Whole mitochondrial genome capture from faecal samples and museum‐preserved specimens

Tom Van Der Valk, Frida Lona Durazo, Love Dalén, Katerina Guschanski

Research output: Contribution to journalArticlepeer-review


Population-scale molecular studies of endangered and cryptic species are often limited by access to high-quality samples. The use of noninvasively collected samples or museum-preserved specimens reduces the pressure on modern populations by removing the need to capture and handle live animals. However, endogenous DNA content in such samples is low, making shotgun sequencing a financially prohibitive approach. Here, we apply a target enrichment method to retrieve mitochondrial genomes from 65 museum specimens and 56 noninvasively collected faecal samples of two endangered great ape species, Grauer's gorilla and the eastern chimpanzee. We show that the applied method is suitable for a wide range of sample types that differ in endogenous DNA content, increasing the proportion of target reads to over 300-fold. By systematically evaluating biases introduced during target enrichment of pooled museum samples, we show that capture is less efficient for fragments shorter or longer than the baits, that the proportion of human contaminating reads increases postcapture although capture efficiency is lower for human compared to gorilla fragments with a gorilla-generated bait, and that the rate of jumping PCR is considerable, but can be controlled for with a double-barcoding approach. We succeed in capturing complete mitochondrial genomes from faecal samples, but observe reduced capture efficiency as sequence divergence increases between the bait and target species. As previously shown for museum specimens, we demonstrate here that mitochondrial genome capture from field-collected faecal samples is a robust and reliable approach for population-wide studies of nonmodel organisms.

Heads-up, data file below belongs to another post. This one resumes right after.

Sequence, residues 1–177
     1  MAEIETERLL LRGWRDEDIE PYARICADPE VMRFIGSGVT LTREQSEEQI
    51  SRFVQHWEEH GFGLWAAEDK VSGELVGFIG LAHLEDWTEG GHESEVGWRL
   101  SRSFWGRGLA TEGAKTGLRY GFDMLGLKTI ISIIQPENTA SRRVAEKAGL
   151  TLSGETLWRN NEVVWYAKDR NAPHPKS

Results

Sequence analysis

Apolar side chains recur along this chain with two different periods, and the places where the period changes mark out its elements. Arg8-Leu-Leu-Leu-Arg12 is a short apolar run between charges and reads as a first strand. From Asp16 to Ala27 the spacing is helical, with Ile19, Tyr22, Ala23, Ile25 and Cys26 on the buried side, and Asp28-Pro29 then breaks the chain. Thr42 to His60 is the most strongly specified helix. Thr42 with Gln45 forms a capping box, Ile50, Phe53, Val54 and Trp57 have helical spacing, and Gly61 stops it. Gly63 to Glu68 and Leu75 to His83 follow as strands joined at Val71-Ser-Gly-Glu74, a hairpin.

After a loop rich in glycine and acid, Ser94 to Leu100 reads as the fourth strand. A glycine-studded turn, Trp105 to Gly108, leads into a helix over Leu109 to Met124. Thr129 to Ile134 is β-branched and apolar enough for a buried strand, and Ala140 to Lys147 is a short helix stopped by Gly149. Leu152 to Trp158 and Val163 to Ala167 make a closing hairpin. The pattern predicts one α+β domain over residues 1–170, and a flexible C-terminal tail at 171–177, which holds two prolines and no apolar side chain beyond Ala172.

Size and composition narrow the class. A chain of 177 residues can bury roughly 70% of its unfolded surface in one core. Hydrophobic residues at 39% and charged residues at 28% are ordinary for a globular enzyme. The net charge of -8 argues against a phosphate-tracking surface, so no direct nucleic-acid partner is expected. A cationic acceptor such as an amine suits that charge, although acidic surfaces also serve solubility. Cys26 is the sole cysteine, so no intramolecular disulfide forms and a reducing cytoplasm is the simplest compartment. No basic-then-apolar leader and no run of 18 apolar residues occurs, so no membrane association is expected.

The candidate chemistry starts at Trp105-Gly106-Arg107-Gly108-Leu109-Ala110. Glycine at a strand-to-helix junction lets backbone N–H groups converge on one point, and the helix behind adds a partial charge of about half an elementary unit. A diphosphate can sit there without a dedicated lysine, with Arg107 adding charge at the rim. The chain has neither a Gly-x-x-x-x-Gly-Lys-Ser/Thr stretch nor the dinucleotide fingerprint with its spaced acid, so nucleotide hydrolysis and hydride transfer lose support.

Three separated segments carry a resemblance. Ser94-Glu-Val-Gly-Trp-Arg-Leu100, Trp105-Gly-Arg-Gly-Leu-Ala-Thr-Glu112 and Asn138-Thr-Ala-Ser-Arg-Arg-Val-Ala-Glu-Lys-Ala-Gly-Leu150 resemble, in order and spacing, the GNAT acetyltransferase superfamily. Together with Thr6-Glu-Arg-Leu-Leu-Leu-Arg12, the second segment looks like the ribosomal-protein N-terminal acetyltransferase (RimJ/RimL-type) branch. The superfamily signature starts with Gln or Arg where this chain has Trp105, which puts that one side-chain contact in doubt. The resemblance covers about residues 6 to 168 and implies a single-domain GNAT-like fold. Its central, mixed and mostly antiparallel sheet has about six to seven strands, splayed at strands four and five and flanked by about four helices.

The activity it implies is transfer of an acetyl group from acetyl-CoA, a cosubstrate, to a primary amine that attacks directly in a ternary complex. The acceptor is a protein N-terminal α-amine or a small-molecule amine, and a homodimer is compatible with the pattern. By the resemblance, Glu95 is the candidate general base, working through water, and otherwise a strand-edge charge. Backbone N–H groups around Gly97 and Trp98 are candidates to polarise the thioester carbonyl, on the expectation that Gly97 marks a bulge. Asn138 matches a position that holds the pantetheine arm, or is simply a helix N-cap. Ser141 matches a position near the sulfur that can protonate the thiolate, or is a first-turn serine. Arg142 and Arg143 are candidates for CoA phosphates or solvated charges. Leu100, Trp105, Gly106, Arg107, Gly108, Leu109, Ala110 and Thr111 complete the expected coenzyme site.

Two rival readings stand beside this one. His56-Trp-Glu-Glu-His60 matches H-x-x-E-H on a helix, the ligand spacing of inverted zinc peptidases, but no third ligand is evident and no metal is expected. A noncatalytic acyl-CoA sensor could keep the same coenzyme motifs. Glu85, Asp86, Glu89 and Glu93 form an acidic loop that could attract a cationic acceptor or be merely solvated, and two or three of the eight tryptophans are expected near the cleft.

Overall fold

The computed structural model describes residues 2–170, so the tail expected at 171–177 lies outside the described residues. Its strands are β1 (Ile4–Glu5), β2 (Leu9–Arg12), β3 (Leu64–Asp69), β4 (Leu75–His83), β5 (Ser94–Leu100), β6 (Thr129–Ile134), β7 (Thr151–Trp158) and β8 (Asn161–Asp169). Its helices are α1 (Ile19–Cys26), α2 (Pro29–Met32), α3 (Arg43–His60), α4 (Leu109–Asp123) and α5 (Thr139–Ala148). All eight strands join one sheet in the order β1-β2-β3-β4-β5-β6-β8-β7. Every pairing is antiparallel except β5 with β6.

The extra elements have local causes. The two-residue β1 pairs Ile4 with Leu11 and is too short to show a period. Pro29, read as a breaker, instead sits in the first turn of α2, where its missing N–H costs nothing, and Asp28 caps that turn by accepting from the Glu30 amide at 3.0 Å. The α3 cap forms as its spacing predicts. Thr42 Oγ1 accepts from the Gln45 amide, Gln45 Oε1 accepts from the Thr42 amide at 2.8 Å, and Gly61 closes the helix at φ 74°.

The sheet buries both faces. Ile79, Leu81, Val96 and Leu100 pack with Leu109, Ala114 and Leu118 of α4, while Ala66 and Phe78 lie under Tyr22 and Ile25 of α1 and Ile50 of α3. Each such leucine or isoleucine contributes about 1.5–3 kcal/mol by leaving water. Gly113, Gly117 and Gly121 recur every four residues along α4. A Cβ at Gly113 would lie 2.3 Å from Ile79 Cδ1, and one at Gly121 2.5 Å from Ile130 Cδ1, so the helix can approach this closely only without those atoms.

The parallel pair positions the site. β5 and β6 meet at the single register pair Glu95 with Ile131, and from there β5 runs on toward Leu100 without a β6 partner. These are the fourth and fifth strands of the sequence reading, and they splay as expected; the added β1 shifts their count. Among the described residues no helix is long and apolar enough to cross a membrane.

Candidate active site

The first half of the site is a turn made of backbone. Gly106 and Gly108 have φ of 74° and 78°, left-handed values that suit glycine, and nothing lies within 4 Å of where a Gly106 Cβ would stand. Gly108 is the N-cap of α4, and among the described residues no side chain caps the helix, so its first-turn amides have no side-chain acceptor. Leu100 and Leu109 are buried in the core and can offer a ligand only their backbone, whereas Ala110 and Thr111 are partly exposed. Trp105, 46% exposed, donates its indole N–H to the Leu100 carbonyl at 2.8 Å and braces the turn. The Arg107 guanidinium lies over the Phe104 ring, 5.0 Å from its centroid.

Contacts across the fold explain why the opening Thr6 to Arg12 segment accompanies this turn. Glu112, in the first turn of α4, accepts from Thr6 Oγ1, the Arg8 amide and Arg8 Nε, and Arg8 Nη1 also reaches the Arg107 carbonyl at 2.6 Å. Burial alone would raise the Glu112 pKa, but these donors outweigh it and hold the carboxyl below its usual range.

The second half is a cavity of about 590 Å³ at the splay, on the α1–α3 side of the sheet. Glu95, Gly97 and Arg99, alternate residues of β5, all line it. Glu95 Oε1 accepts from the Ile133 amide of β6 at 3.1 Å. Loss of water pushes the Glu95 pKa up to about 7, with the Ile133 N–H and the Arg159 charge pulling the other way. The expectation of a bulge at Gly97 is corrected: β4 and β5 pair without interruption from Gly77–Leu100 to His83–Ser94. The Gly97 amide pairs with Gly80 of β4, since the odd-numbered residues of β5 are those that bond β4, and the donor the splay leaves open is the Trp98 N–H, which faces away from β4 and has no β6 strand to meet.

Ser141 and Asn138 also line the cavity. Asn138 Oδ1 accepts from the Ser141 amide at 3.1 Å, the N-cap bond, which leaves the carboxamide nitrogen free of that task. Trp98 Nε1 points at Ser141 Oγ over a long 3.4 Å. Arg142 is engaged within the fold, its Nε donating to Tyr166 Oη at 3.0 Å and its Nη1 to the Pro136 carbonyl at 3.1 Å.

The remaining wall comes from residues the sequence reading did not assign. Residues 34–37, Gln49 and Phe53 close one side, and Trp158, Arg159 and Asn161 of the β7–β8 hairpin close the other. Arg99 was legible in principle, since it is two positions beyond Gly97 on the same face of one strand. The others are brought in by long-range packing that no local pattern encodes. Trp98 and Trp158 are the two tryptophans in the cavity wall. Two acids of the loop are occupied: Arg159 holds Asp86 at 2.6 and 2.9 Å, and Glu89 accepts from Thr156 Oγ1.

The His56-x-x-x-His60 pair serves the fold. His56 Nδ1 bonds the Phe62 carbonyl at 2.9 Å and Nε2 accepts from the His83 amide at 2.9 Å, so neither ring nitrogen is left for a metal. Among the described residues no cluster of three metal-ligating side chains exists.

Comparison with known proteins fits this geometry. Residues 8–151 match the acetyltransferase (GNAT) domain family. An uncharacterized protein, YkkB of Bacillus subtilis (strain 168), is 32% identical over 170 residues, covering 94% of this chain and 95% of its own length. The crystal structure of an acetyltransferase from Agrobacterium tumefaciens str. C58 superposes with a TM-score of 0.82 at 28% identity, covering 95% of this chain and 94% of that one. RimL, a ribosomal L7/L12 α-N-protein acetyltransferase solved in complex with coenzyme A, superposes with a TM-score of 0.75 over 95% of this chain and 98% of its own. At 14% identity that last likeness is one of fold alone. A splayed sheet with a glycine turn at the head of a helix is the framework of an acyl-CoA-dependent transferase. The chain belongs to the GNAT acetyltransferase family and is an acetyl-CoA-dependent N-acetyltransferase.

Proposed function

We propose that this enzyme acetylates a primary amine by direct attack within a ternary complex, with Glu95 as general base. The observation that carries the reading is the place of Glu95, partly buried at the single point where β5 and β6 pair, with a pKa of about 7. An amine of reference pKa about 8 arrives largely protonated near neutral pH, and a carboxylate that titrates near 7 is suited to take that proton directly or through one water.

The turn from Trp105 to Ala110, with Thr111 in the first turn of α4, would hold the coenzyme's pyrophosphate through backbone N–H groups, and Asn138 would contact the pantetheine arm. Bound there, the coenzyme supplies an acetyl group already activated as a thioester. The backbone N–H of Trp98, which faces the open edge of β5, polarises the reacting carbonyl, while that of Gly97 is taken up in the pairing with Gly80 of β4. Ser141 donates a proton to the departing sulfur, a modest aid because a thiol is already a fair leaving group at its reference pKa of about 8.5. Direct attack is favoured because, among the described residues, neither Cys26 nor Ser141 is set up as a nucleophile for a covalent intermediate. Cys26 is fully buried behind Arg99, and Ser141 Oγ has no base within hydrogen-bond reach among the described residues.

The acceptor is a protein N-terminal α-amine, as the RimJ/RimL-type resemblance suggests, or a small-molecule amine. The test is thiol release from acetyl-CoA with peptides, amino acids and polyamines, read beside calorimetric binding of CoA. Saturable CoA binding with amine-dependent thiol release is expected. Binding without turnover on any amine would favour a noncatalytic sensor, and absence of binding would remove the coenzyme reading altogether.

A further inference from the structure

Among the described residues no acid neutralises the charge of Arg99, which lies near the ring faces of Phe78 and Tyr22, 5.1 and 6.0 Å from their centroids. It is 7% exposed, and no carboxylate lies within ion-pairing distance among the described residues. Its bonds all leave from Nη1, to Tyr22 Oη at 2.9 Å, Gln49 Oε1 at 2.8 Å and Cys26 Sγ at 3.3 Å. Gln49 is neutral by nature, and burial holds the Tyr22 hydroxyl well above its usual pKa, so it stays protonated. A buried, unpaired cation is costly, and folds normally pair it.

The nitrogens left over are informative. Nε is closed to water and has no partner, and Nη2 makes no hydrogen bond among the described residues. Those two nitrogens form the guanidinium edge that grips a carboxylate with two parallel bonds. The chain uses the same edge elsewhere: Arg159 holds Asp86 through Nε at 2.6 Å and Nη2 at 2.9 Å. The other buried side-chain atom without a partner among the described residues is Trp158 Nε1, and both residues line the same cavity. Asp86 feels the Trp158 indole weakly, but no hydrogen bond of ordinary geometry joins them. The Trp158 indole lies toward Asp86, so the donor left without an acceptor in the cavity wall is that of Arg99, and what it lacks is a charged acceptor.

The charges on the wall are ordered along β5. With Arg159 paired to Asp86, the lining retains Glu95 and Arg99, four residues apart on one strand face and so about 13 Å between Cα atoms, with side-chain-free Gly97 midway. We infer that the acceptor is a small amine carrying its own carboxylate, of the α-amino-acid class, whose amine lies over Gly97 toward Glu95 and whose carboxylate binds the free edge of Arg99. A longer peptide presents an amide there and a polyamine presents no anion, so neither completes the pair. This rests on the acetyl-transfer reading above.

Original languageEnglish
Pages (from-to)e111-e121
Number of pages11
JournalMolecular Ecology Resources
Issue number6
Early online date4 Jul 2017
Publication statusPublished - 1 Nov 2017


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